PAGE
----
Where the residents of the Monument Corridor ever consulted? Maybe some of the truly poor will get their health needs met, but they could have received that anyway especially if they are already signed up for welfare to work programs or Healthy Start? One is eligible for these and many more services when their income is at the level of 250 percent of poverty. That is within the lower middle class range for some. There are also plans in the state legislature to increase that limit to 300 percent of poverty .

The Bishops of the United States recognize that opportunities for church and public cooperative efforts is a new and growing phenomenon. they have published a booklet entitled: Ethical and Religious Directives for Catholic Health Care Services. It sets forth principles governing this cooperation instructing Catholics in what constitutes a licit and an illicit association. If a particular activity has an evil intent and certain parties cooperate knowingly with that intent, then it is an illicit association and morally wrong. “If the cooperator does not intend the object of the wrongdoer’s activity, the cooperation is material and can be morally licit.” A thorough reading of this booklet could lead one to the understanding that if you just don’t bother to research the full extent of the activity, or if each group involved accepts only limited information, then it would appear p ossible to join in any public/religious program without bothering one’s conscience.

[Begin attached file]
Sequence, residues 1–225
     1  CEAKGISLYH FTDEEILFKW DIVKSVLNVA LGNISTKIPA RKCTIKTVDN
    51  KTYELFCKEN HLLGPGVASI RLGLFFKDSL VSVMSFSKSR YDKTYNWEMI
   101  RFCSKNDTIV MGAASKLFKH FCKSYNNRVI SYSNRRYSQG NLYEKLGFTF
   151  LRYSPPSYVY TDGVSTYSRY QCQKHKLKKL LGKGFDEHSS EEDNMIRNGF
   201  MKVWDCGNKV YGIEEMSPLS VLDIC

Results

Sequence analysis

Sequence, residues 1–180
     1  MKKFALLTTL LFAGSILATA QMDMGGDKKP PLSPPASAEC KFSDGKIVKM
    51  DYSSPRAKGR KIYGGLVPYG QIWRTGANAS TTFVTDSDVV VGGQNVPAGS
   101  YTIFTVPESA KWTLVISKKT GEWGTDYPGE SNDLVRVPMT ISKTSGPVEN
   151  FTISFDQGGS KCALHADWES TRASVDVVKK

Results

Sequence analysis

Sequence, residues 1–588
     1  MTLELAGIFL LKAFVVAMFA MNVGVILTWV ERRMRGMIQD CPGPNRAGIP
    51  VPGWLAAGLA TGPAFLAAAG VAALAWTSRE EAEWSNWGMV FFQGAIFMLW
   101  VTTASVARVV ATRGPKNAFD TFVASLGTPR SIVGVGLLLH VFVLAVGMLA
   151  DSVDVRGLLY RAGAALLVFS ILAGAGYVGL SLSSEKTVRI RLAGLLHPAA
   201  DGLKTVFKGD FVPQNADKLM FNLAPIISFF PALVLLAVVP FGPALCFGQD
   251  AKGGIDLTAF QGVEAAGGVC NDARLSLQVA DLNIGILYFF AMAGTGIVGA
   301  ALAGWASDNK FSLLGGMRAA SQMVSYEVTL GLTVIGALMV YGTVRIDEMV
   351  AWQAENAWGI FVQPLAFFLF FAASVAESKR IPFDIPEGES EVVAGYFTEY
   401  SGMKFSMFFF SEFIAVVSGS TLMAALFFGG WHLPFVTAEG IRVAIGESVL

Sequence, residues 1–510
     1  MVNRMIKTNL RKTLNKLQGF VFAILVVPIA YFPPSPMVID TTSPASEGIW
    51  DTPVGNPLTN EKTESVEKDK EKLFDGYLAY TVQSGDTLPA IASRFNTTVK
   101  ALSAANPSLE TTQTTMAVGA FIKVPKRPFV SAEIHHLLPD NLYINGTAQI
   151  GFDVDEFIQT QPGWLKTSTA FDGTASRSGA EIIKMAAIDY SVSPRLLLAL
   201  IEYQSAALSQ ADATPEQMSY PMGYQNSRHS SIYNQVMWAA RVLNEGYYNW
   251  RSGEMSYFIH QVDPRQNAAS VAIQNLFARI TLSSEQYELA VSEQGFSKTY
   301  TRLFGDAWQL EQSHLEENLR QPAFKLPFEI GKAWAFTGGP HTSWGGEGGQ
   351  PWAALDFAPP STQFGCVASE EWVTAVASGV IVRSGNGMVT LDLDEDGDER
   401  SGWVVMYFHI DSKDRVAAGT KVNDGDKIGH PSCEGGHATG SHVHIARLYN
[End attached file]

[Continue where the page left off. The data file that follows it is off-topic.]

Solidarity for a new morality that includes abortion/contraception
Camille Giglio
Dec. 2, 2000

The story of the Good Samaritan has taken on a whole new twist. No one has ever asked what the Good Samaritan did after he left the robbery victim at the Inn. Today’s religious activist would tell you that he went back to his church and joined an interfaith Social Justice committee lobbying for local, government funded health care clinics. These community level interfaith activities have become the norm rather than the exception.

Through the Charitable Choices amendment to the 1996 federal Welfare to Work legislation, Protestant and Catholic churches have become eligible for funds by becoming partners with community activists and government agencies in matching parishioners with government programs, especially social service and health insurance programs. A recent editorial in the Fresno Bee began “the most dangerous intersection in American public life is where religion and politics meet.”

“We, the church, have to become a good will special interest lobby group,” so stated Father Mike Cunningham, Pastor of Queen of All Saints Catholic Church to Senator elect Tom Torlakson,(D), at a recent town hall type meeting held at St. Bonaventure’s church, in Concord, Ca. The meeting, sponsored by the Contra Costa Interfaith Sponsoring Committee - CCISCO - was entitled: “Justice For All.”